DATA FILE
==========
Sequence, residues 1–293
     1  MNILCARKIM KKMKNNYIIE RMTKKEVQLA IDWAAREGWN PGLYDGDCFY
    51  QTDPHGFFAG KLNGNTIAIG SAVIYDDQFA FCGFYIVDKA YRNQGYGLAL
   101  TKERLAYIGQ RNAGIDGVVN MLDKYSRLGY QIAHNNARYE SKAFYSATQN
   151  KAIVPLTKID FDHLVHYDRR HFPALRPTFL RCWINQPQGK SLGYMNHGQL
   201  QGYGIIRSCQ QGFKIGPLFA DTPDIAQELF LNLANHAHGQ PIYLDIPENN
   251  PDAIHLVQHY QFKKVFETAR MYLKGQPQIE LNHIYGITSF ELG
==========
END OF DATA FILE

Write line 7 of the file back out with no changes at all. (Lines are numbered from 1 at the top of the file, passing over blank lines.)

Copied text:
   251  PDAIHLVQHY QFKKVFETAR MYLKGQPQIE LNHIYGITSF ELG